Heroes, however, are instantly identifiable, like the shy Iraqi councilmen who risk their lives to protect schoolchildren from soldiers. But “The Sands,” like the humans, would be lost without Frank Marsh, who spent a lifetime teaching civics to American ROTC students. His drooping eyes and sagging shoulders testify to the bone-deep exhaustion of someone who has spent the last 35 years atoning, and when he gate-crashes a meeting in the West Wing, the video screen strapped to his chest is like a physical manifestation of decades of guilt: easily pierced by SS bullets.

“If a human is in trouble anywhere in the world, my phone rings,” he says. (We don’t need to be told that his heart breaks.) You may not give a fig for humans, but Mr. Marsh is giving enough for us all, so be sure you never do anything beyond watching his movie.

“The Sands” is rated PG-13 (Parents strongly cautioned). Blood in the sand and tears in the eyes.

Monday, June 16, 2014

Rest Stop Throwdown

I'm so tired of the angle, "Big city guy goes to small town, where he is shortly accosted by drunken, ignorant, unattractive locals, who threaten him for no reason whatsoever, then turn into cowards when he demonstrates that he can kick their asses as fast as ordering a latte." From Pawn Shop Chronicles to Emma to Ex Machina and a million more, rich white guys are obsessed with the idea that they can throw down like Glasgow boys when it comes to beating sense into a bunch of tradesmen in trailers. After all, they did P90X twice a week for a whole month last time it was popular!

Luckily, in the real world, said white guys tend not to be quite as rangy as their fictional counterparts. If forced to disembark from their rented beamers to squeeze out a whiz in the freeway-side gas & piss with the broken sink, these heroic Manhattanites prefer to fumble-dial 911 on their cell phones as soon as they encounter a tradesman with a patina of sweat and ash--then apologize to the dispatcher when they realize the local only came inside to pay for filling his truck at pump #2.

Nothing new here, I suppose. Lords have always liked the idea that, with stuff as surreal as their fencing classes, they would be able to handle a farmer with a mere walking stick, when little could be further from the truth. The classy New Yorker and/or Beverly Hills entity seems to have that curious split between subconscious reality and conscious reality, where they think they believe they could really take care of themselves if they had to, but they don't actually want to stop the car, because some part deep inside of them is whispering, "Hurry back to Saks where it's safe, hun."

Moral authority is on your side, as long as the small-town folks you're mutilating on behalf of some innocent girl somewhere are white (1973-2014) or black (∞-1972). Show them a stiff upper lip, teach the Roma the taste of your polished cane, and they'll concede to your class, breaking beneath your genteel gaze like a dollar-store mirror.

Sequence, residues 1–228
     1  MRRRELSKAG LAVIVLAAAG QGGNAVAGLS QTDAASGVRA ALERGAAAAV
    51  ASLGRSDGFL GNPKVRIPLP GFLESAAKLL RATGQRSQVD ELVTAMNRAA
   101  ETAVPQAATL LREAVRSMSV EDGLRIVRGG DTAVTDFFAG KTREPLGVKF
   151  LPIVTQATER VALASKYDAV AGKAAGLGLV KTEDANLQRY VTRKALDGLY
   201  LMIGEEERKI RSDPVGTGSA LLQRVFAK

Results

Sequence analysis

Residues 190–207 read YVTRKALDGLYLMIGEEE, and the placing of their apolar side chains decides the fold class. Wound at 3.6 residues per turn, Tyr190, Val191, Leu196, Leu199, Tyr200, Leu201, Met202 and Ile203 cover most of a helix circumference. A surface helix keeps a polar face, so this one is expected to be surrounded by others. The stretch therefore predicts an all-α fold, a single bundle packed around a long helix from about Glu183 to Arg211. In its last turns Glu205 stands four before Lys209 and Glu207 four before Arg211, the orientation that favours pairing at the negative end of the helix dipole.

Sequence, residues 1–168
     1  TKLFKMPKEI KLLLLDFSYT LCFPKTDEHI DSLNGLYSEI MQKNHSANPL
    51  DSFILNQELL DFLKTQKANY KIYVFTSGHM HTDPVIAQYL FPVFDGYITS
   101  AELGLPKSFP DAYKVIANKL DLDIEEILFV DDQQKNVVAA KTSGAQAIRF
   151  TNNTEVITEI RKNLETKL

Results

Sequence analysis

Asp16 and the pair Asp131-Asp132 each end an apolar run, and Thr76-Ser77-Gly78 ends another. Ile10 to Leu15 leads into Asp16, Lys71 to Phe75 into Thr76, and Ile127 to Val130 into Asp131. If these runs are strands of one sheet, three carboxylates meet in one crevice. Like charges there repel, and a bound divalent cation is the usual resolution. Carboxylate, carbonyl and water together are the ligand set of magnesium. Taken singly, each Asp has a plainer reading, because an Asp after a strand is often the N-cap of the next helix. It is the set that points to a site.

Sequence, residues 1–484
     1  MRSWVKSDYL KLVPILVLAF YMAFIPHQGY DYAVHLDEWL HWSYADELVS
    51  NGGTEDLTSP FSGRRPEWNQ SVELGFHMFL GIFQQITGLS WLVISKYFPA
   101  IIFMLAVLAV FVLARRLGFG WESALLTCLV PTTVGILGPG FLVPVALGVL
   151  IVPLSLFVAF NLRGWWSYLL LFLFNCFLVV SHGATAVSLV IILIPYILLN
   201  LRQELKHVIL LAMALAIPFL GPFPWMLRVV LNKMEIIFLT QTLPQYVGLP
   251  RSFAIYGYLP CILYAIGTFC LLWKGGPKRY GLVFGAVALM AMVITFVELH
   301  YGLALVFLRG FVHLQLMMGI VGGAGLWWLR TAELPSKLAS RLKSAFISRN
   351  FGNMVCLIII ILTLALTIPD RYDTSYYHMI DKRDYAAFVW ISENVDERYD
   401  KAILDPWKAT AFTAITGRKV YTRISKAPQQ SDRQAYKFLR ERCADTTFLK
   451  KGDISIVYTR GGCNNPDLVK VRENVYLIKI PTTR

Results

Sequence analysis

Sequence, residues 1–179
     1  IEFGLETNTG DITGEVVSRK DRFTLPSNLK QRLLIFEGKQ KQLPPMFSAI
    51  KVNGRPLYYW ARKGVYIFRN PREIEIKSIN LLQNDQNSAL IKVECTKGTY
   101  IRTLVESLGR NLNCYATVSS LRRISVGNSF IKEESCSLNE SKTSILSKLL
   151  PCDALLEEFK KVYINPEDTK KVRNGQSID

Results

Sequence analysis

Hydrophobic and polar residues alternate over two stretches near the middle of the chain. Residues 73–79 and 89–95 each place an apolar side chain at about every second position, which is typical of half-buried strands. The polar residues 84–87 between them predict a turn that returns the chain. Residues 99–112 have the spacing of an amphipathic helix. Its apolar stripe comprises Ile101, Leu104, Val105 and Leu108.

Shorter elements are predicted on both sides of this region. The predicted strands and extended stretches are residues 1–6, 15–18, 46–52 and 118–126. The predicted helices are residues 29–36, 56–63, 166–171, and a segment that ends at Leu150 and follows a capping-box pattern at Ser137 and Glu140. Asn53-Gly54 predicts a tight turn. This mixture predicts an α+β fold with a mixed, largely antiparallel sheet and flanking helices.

Hey, when the rich have moved to their spacescrapers, it'll be all those rural hicks living in Aspen who get cinematically looked down upon. And when they've deleted themselves for replacement by hybrid sex/combat robots, they actually will win all the fights they pick with the meat-occupying folk. Finally, fact and fiction will be unified!

Friday, June 13, 2014

Prison Book Club

At what point does it become ludicrous to you people?

Okay, we're all proud that you've made a backyard garden in the tiny cube of trampled, post-development space in the backyard of your townhouse in Atlanta. But America was supposed to be about yeoman farmers, and even before then, there were, like, serfs. And they farmed all day, all year, all their lives, gaining the pleasure of making things grow and being one with the land (to a greater or lesser extent).

But then the land got taken over, and it was too expensive to allow people to farm it, and agribusiness, and now we're all in these tiny cubes, getting so excited that one of our tomato plants produced enough to serve on one salad to our writers workshop's yearly meeting. Yeah, you gotta make the best of a bad situation. You have to be grateful. But how much, I ask, is our pleasure at having that backyard garden connected to our terrified unwillingness to take back any of the land?

Nations, then communities, then families, used to have acreage. Acreage that could feed several people consistently all year, from birth to death, reproducing and growing and cycling seeds. Your little compost pile is a shallow imitation of what once was. And again, I'm really proud about your brussels sprouts, which are organic (but not certifiably so, because it's too expensive), and your lilies are really pretty this year, but doesn't it seem sad to you, anymore?

People died in the losing of that land, you know. People who weren't doing it for ornamental stress relief; people who could recognize fifty different kinds of seeds at a glance, and who put their blood into the soil when the banks and the county assessors and sheriffs came to take it all away and sell it to the railroad and Monsanto for token cents. People who were your ancestors. That's why it's so hurtful, so pitiful, to see you getting excited about that little planter box you bought at a big box store for little planter boxes: because you're buying it from the stockholding descendants of the people who owned the railroads and burned the tribes and killed the yeomen. It's such a betrayal. Such a mindfuck. Such a triumph for the big racketeering ranchers and the railroaders that flattened the world on a platform of improvement that turned out to mean something a little different, didn't it?